Apple (album)

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Mother Love Bone Apple.jpg
Studio album by Mother Love Bone
Released July 19, 1990
Recorded September–November 1989 at The Plant, Sausalito, California and London Bridge Studios, Seattle, Washington
Genre Grunge, alternative metal, glam punk, alternative rock, heavy metal
Length 57:59
Language English
Label Stardog/Mercury
Lemon Recordings (reissue)
Producer Bruce Calder, Terry Date, Mark Dearnley, Mother Love Bone
Mother Love Bone chronology
Mother Love Bone
Singles from Apple
  1. "Stardog Champion"
    Released: 1990
  2. "This Is Shangrila"
    Released: 1990
  3. "Stargazer"
    Released: 1990
Professional ratings
Review scores
Source Rating
Allmusic 4.5/5 stars[1]
The New York Times favorable[2]
Rolling Stone favorable[3]
Uncut 4.5/5 stars[4]
Rock Hard (de) 7.5/10[5]

Apple is the only full-length studio album by the American alternative rock band Mother Love Bone. It was released on July 19, 1990 through Stardog/Mercury Records.


In September 1989, the group returned to the studio to record its debut album Apple with producer Terry Date at The Plant recording studio in Sausalito, California. The band finished the album in November 1989 at London Bridge Studios in Seattle, Washington. Compared with the band's debut EP, Shine, vocalist Andrew Wood's vocal stylings are more mature, drawing heavily upon similar techniques of guitarist and singer Marc Bolan. "Crown of Thorns" originally appeared on Shine, however on Apple the song is missing the opening "Chloe Dancer". The album was mixed by Tim Palmer. The album's cover art was photographed by Lance Mercer. Despite some initial difficulties, the record was on-time for its projected March 1990 release.

By early 1990 interest in the band had hit a fever pitch and it seemed destined that the band was going to make it big. Only days before Apple was slated to be released, however, Wood overdosed on heroin. After spending a few days in the hospital in a coma, Wood died, effectively bringing Mother Love Bone to an end. The album would see release later that year in July. The album eventually charted at number 34 on Billboard's Top Heatseekers chart in 1992. Kim Neely of Rolling Stone said that the album "succeeds where countless other hard-rock albums have failed, capturing the essence of what made Zep immortal – dynamics, kids! – and giving it a unique Nineties spin."[3] A music video was made for the song "Stardog Champion". The entire album later appeared on the 1992 compilation album, Mother Love Bone (also known as Stardog Champion). It was also remastered and reissued on September 8, 2003 by the UK-based Lemon Recordings.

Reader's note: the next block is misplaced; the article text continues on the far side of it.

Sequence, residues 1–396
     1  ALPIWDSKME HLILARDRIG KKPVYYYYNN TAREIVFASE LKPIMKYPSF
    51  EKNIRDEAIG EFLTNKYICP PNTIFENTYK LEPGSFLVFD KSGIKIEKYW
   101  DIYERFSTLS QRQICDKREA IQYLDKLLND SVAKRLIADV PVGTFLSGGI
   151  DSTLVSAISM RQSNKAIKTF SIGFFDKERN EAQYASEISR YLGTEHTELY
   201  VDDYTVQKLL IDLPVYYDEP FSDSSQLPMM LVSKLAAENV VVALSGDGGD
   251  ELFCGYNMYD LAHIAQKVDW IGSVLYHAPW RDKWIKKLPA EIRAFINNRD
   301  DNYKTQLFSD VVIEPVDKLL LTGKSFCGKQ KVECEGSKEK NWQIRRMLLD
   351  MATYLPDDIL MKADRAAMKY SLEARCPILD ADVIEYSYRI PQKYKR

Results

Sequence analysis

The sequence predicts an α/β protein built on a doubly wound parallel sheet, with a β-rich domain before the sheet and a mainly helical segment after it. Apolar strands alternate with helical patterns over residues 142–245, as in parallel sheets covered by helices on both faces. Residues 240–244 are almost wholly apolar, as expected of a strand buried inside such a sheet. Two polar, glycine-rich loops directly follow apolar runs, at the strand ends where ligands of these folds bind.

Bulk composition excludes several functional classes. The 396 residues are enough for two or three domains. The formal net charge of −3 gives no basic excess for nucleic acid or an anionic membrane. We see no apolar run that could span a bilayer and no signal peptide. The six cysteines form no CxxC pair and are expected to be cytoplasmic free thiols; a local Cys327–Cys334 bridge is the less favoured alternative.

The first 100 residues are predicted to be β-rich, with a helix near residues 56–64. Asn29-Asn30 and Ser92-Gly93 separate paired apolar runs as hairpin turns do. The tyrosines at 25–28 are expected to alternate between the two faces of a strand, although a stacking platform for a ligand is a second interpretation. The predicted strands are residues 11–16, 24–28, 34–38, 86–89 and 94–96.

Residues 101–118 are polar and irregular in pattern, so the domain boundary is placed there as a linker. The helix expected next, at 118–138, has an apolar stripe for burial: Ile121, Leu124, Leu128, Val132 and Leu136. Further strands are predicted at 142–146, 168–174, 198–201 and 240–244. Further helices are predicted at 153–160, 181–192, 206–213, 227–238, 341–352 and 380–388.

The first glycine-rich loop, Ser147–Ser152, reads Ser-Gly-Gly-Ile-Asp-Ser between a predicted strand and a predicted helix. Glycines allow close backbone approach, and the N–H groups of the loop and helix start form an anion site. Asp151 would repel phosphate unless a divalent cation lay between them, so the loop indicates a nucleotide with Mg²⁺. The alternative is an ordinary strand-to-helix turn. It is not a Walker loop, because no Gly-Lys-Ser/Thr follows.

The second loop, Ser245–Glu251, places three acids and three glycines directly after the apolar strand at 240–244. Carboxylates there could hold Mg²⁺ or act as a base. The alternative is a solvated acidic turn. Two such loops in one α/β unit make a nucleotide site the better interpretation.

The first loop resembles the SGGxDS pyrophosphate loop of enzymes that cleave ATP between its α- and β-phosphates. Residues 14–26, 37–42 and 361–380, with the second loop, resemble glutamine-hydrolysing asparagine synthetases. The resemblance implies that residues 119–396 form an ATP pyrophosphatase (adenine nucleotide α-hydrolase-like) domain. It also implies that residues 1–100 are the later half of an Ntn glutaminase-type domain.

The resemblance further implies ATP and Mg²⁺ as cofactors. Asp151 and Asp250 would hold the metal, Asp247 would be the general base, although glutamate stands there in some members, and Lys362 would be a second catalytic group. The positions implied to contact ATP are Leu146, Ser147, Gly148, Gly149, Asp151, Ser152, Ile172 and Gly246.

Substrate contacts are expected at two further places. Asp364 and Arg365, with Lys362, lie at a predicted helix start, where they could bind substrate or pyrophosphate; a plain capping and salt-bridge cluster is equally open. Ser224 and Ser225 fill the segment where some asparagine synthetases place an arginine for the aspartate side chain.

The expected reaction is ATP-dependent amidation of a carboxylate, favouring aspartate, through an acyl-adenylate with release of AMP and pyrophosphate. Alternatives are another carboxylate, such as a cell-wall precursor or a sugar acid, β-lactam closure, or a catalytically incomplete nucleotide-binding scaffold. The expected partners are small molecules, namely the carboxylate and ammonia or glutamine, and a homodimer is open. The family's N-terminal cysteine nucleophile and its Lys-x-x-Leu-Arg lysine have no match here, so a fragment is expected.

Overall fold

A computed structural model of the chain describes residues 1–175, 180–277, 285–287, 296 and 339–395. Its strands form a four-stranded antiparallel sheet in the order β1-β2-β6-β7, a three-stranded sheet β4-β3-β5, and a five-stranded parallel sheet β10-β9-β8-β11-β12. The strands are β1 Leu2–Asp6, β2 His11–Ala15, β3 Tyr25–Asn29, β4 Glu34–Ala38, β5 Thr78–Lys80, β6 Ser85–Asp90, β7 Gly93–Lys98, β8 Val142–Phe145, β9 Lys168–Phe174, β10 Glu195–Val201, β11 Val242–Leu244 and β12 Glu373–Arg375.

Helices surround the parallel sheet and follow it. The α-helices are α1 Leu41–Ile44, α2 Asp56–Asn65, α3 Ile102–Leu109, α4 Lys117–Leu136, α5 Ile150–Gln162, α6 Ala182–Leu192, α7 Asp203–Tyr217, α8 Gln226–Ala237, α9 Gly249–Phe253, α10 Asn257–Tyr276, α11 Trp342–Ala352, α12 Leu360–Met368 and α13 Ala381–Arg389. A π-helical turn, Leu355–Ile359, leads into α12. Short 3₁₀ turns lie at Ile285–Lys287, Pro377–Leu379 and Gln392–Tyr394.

In 2005, Apple was ranked number 462 in Rock Hard magazine's book of The 500 Greatest Rock & Metal Albums of All Time.[6]

Track listing[edit]

All lyrics written by Andrew Wood; all music composed by Jeff Ament, Bruce Fairweather, Greg Gilmore, Stone Gossard, and Wood.

No. Title Length
1. "This Is Shangrila"   3:42
2. "Stardog Champion"   4:58
3. "Holy Roller"   4:27
4. "Bone China"   3:44
5. "Come Bite the Apple"   5:26
6. "Stargazer"   4:49
7. "Heartshine"   4:36
8. "Captain Hi-Top"   3:07
9. "Man of Golden Words"   3:41
10. "Capricorn Sister"   4:19
11. "Gentle Groove[I]"   4:02
12. "Mr. Danny Boy"   4:50
13. "Crown of Thorns"   6:18
Total length:

^ I Only available on the CD edition.

All lyrics written by Wood; all music composed by Ament, Fairweather, Gilmore, Gossard, and Wood.

Reissue bonus track
No. Title Length
14. "Lady Godiva Blues"   3:40
Total length:


Chart positions[edit]

Chart (1992) Peak
Top Heatseekers[7] 34


  1. ^ Henderson, Alex. "allmusic ((( Apple > Review )))". Allmusic. Retrieved May 20, 2009. 
  2. ^ Browne, David (1990-11-18). "RECORDINGS VIEW; Seattle Rock: Out of the Woods and Into the Wild". The New York Times. Retrieved 2009-05-20. 
  3. ^ a b Neely, Kim (1990-10-04). "Mother Love Bone: Apple". Rolling Stone. Archived from the original on February 10, 2008. Retrieved 2009-05-20. 
  4. ^ "Mother Love Bone: Apple". Uncut. Retrieved on May 20, 2009.
  5. ^ Stratmann, Holger. "Rock Hard". issue 62. Retrieved 22 May 2013. 
  6. ^ [...], Rock Hard (Hrsg.). [Red.: Michael Rensen. Mitarb.: Götz Kühnemund] (2005). Best of Rock & Metal die 500 stärksten Scheiben aller Zeiten. Königswinter: Heel. p. 23. ISBN 3-89880-517-4. 
  7. ^ "Mother Love Bone – Billboard Albums". Allmusic. Retrieved 2007-11-13.